CSA Box Pairings: March 24, 2016
This Thursday is special! Chef turned winemaker Sashi Moorman is coming to pour his elegant Sta. Rita Hills wines. These wines are versatile and will soon become your new go-to classics for the most casual of wine drinkers to the hardest to please.
Recipe: Tyler Florence's Roasted Chicken with Wilted Butter Lettuce and Peas from Food Network
Pair with: Sandhi Chardonnay Sta. Rita Hills California 2013 ($36)
First up: Chardonnay! Whether you light up at the mention of this grape or cringe in fear and doubt, we’re here to assure you that this is a grape that’s often misunderstood in California. It often sees too much sun and a whole lotta oak before wearing out your taste buds. Luckily, Sta. Rita Hills in Santa Barbara is surprisingly cool so the grapes develop without becoming obnoxiously flamboyant. To the north are the Purisima Hills and to the south are the Santa Rosa Hills. Together, these hills create a wind tunnel, bringing in cool air from the ocean on the west. As a result, Sandhi’s Chardonnay maintains good structure and some floral characteristics. The wine is perfect for a simple roasted chicken dish that’s flavorful with herbs but not too rich for a second or third helping. There’s no need to overanalyze this classic combo; it’s just simplicity done right.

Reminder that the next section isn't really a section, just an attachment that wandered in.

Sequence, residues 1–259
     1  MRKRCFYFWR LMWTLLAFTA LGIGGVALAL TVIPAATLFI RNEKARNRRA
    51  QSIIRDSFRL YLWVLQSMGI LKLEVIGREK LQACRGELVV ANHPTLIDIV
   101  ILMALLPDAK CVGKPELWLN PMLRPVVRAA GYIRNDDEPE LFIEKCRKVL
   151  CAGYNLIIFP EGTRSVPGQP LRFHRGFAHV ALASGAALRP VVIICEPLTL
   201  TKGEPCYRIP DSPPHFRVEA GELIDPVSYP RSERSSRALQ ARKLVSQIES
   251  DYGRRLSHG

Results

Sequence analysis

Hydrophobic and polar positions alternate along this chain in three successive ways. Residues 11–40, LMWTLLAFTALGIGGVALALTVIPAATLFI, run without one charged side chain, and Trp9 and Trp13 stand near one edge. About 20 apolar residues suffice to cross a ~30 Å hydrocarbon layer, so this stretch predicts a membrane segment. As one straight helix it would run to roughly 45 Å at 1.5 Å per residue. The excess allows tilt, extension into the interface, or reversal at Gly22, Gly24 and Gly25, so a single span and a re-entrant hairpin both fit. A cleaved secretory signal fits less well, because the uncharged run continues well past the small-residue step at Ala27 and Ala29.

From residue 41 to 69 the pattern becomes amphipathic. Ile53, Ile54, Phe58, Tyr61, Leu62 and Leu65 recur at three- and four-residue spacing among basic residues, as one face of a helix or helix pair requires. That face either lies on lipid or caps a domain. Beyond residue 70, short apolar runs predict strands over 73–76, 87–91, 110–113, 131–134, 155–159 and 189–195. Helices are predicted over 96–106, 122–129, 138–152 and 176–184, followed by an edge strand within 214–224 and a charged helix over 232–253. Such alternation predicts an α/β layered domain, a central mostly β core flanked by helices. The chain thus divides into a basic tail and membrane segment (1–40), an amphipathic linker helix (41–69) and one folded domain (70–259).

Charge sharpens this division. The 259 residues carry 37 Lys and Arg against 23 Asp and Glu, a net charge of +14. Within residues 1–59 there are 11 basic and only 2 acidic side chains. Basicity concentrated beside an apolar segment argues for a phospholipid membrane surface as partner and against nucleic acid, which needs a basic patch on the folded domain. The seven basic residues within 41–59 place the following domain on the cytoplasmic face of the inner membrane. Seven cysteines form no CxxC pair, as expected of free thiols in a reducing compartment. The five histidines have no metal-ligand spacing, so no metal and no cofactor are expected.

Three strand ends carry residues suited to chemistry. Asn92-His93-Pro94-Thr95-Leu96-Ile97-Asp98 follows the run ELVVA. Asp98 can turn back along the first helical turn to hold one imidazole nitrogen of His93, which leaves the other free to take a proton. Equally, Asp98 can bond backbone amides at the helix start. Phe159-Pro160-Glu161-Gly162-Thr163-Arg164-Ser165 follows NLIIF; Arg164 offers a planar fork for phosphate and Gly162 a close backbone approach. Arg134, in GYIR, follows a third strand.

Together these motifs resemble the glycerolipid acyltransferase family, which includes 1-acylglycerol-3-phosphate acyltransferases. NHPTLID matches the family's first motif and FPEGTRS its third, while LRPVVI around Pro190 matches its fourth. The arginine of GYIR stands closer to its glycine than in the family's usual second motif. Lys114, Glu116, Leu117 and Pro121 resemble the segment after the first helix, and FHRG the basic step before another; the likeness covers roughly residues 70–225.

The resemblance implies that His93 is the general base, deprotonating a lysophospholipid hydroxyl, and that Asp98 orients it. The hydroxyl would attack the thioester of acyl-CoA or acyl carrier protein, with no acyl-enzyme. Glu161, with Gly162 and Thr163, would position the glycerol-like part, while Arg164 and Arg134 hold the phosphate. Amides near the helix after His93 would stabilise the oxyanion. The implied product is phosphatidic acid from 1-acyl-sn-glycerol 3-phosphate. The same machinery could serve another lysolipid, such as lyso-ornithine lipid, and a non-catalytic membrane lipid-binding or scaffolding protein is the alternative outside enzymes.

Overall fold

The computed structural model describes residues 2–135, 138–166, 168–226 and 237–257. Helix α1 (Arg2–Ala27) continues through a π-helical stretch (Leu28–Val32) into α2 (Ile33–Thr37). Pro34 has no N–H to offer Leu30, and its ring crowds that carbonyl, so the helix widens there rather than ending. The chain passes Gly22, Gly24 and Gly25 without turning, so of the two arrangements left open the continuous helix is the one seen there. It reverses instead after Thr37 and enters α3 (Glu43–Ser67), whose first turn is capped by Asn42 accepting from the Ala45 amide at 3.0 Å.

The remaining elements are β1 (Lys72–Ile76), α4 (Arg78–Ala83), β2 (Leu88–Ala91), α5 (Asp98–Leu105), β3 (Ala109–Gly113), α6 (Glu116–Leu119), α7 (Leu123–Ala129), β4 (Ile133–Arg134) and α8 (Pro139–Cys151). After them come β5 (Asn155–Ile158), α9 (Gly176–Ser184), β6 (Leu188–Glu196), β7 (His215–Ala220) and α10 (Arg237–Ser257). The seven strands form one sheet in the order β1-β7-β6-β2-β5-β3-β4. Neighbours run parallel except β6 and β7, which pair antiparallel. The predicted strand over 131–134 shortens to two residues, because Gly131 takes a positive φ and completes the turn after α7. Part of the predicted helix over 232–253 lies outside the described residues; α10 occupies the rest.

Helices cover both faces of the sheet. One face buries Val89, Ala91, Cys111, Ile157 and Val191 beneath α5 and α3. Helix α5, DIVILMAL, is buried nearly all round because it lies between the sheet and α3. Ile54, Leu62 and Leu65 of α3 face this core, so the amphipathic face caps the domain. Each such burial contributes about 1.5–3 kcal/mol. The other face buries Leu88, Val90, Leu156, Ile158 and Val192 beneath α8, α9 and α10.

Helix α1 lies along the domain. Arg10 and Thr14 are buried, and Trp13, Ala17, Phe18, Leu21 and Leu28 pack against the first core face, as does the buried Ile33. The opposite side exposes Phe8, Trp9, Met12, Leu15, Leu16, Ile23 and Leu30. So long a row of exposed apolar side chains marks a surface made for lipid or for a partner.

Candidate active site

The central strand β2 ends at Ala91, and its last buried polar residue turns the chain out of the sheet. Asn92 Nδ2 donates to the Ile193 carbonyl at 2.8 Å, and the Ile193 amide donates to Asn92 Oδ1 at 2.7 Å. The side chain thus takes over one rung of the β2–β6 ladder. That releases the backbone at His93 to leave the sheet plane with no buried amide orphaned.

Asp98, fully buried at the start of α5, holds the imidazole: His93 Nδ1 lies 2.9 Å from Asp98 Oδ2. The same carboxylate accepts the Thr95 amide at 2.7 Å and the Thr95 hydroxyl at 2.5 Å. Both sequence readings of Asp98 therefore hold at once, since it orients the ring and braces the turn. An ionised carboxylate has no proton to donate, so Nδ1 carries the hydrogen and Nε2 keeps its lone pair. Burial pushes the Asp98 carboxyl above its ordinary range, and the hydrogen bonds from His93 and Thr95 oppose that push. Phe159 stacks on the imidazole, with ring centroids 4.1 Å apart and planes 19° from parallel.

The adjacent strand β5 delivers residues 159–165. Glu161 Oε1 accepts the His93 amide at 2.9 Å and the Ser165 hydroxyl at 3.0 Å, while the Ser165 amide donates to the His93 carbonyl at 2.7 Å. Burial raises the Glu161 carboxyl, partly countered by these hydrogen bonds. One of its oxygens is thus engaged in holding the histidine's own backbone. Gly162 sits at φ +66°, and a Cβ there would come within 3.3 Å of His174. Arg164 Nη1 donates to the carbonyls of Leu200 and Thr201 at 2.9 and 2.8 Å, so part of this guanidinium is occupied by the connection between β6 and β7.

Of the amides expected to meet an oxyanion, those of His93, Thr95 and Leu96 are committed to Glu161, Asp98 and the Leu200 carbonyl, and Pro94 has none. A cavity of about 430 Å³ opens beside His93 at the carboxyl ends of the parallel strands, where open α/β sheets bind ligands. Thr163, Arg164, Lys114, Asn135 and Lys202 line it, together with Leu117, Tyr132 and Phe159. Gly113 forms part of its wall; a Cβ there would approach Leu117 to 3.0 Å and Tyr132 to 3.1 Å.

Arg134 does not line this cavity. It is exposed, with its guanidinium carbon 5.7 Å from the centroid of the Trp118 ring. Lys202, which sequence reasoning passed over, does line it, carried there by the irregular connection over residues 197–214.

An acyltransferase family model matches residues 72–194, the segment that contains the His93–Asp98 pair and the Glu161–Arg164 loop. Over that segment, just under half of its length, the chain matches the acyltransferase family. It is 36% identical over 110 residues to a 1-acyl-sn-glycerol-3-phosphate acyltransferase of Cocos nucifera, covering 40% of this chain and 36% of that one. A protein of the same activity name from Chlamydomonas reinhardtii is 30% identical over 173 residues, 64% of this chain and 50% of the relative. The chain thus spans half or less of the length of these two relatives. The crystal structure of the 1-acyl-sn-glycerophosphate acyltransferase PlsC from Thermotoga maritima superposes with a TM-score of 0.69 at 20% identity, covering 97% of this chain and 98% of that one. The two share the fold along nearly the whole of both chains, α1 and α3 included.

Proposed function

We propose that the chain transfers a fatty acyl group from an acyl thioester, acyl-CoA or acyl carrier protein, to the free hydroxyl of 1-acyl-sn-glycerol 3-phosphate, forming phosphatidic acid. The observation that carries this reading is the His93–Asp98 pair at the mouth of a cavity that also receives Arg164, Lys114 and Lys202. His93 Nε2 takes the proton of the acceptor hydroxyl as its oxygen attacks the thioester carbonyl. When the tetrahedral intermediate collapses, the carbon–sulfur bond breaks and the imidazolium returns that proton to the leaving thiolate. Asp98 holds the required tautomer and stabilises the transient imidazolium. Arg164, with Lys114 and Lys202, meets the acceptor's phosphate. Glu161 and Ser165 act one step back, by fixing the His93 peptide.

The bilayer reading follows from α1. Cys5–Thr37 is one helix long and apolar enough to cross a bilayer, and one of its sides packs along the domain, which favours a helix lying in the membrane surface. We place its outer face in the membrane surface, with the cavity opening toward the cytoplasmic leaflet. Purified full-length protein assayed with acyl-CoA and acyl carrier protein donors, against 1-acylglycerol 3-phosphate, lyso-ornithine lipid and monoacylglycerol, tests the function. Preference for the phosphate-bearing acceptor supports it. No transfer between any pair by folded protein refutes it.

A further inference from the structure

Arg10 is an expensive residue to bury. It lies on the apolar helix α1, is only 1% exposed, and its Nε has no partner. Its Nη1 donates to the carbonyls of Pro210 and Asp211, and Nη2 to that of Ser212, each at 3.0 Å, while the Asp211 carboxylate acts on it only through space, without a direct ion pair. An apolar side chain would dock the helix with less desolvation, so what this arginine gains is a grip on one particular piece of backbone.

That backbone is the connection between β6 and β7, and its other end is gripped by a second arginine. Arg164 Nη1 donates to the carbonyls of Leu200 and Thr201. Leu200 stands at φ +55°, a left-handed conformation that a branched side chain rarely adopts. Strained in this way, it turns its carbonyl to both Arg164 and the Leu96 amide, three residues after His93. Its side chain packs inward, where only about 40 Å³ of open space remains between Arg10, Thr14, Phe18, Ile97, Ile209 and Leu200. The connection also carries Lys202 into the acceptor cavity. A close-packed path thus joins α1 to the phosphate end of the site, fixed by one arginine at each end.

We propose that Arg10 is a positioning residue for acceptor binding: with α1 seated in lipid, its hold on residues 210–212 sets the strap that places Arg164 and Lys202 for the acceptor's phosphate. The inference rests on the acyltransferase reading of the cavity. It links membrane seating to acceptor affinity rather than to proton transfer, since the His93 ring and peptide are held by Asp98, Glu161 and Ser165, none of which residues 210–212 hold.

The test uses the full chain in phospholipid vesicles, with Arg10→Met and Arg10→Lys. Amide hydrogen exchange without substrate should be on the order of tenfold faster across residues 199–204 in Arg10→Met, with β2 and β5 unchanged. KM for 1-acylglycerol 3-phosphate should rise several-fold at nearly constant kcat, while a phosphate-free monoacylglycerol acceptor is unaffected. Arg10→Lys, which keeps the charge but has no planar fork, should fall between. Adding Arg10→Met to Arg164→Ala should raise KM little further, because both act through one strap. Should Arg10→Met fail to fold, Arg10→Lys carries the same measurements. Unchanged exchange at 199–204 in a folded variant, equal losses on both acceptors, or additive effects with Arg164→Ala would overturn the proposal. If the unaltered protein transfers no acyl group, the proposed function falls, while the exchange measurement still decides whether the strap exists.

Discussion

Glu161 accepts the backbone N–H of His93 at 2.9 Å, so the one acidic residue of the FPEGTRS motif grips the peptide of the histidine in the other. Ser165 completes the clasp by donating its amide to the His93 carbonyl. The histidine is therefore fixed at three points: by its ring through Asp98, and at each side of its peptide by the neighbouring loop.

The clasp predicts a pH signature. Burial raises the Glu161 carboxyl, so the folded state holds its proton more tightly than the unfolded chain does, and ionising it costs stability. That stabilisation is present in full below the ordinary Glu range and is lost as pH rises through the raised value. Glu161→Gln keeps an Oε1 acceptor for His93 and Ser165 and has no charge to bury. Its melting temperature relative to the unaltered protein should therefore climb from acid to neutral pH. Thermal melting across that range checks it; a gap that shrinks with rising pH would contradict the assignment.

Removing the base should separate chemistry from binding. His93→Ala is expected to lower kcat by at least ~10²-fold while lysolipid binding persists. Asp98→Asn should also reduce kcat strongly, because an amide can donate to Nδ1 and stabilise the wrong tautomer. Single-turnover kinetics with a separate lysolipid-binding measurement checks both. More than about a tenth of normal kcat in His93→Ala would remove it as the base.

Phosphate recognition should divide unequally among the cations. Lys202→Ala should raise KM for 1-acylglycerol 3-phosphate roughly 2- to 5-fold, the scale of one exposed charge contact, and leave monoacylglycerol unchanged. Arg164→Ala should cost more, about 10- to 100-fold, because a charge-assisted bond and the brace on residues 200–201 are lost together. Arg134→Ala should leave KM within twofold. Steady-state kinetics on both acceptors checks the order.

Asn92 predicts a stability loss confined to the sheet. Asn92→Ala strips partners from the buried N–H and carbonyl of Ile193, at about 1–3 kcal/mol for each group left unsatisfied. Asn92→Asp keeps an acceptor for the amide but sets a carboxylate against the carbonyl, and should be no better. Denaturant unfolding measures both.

Recipe: Roasted Beet Salad with Fennel, Orange, and Whipped Ricotta from A Beautiful Plate
Pair with: Sandhi Pinot Noir Sta. Rita Hills California 2013 ($36)
Second up: Pinot Noir! As you may know, Pinot is highly responsive to its environment. In Burgundy, the grape gets ashy, earthy, and tart from the cool climate. In California, it’s fruity, cheerful, and approachable. But if we zoom into Sta. Rita Hills, you’ll find that the soil is diatomaceous earth —a chalky substance of fossilized hard-shelled algae (not so different than Burgundy’s famous limestone resting on a bed of fossilized sea creatures). The resulting grapes are 3-dimensional—not just fruity, but also quite earthy and complex.
Sandhi’s Pinot is spontaneously fermented with native yeast and with all its stems intact. Sashi Moorman finds that the stems make the wines “smell more alive”. For that reason, beets fresh from the soil, thinly sliced fennel, and a bit of acid from oranges would make a lovely match for the wine. Here's one to those who love Spring!